I’m a grief group dropout, attending three but dropping out of two.
There is no one right way to grieve. And no one can tell you if you should attend a grief group or not, or if you choose to, what kind of group to attend. Knowing this, and having a curiosity about grief groups, led to my online search for the ones I found.
I found I like interaction with other group members, not structured canned programs with happy faces narrating videos. I found I like seasoned leaders, not newbies. I found that I like groups limited to loss of spouses, not including losses of other relatives or friends.
My best and lasting group was run by two social workers at the hospice that cared for my husband and me. It was only four meetings, but it was nicely broken up by the leaders giving information, and the surviving spouses sharing stories. It amazed me how quickly our small group of six to eight bonded over particular aspects we missed—our cooks, handymen, housekeepers, companions, lovers, confidants.
Even the testy times several of us experienced as our spouses became more ill and less able to do for themselves. I loved when one woman said her husband got “sassy.” I thought that word was a lovely euphemism for crabby. So, when I think of Marv not appreciating my driving skills of his SUV, I’ve just reframed his instructions on how to park in our garage as being a bit sassy.
Sassy sounds much better than the way the scene unfolded the few times I had to be his chauffeur towards last when the brain tumor took over his reasoning skills. I called his SUV a semi-truck compared to my 2000 Beetle, and hoped he’d understand why I couldn’t see the sides of the semi when I was trying not to scrape off a side mirror on the side of the garage, or, forbid, scratch the sides of my beloved Beetle. But one thing he hadn’t lost at all was his ability to see all sides of the semi and all sides of my lack of skills. I finally relented and said, “Honey, you know I’m hopeless. You know I’ll never learn.” And then he would chuckle and say, ‘Yes, you are and no you won’t.” And we’d smile and take our packages into the house.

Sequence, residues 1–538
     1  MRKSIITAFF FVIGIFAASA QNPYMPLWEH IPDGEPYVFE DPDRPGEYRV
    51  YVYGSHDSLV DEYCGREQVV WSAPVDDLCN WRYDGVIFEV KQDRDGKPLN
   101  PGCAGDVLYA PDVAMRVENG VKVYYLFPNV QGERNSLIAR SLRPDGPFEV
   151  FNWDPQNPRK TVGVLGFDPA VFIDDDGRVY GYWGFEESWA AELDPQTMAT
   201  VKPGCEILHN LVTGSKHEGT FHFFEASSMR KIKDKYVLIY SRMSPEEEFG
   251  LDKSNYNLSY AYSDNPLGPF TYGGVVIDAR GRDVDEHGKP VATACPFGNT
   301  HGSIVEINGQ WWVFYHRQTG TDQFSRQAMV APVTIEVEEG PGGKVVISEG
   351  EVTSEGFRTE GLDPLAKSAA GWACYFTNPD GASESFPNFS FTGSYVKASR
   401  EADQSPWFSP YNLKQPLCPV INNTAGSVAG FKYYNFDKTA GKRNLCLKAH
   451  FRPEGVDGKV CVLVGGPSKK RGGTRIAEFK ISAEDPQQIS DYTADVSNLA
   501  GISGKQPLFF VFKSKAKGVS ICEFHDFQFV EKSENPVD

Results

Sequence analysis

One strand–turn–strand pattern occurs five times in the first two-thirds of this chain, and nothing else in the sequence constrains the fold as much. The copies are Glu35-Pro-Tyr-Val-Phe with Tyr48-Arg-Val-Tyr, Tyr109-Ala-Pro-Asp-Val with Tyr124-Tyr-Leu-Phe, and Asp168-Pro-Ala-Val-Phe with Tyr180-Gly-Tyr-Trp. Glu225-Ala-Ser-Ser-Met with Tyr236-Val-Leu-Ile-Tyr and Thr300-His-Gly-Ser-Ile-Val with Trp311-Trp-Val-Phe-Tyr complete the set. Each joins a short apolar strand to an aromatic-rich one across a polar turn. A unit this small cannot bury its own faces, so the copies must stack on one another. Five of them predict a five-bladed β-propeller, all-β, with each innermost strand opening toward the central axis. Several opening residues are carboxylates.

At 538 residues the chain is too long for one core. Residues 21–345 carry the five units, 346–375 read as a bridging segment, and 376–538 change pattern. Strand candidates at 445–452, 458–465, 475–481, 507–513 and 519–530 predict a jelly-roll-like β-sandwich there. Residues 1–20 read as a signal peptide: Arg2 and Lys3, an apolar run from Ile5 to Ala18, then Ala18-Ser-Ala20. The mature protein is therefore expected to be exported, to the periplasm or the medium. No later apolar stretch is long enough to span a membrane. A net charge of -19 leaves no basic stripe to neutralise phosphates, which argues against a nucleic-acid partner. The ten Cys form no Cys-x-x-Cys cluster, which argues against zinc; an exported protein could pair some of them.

It’s the tender moments, as well as the sassy ones that sometime preceded, that pop into my mind now as I think about the three months that have passed since Marv died. The time has simply disappeared. I’ve done a HOST of paper work and encountered a few legal challenges, dripping windows, dying evergreens, and ever-growing mountains of Marv’s third-class mail (over 25 calendars, plus hundreds of free return address labels). I have no one to blame my messes on—the dishes stack themselves in the sink, the washing overflows the hamper, the kitchen bar sports piles of just my accumulations, and I forget to change the sheets.
I have no routines yet. I get up and do what has to be done. It seems like I have no control because there’s nothing normal yet about my days. There is still so much to do. For example, it’s taken about ten hours the last two days just to get Quicken from Marv’s desktop to my laptop. Even after all the tutorials and online help, I still needed support personnel at Quicken and my financial institutions.
All this frustration after Marv suggesting over and over I would want to use Quicken, and he would help me get it up and running on my computer, but no, I KNEW I’d never want to use it. Clearly, I knew nothing and now I can’t even apologize to him for my bullheadedness. He’d just grin, though, and probably work hard not to say, “I told you so.”
So, now I’m thankful I have a few new friends from the grief group to share these first months of being on our own. We’ve decided to keep on meeting and maybe become a little sassy ourselves. For sure, we have lots to learn from each other as we swerve around or jump over the obstacles we encounter on this unknown path toward living alone.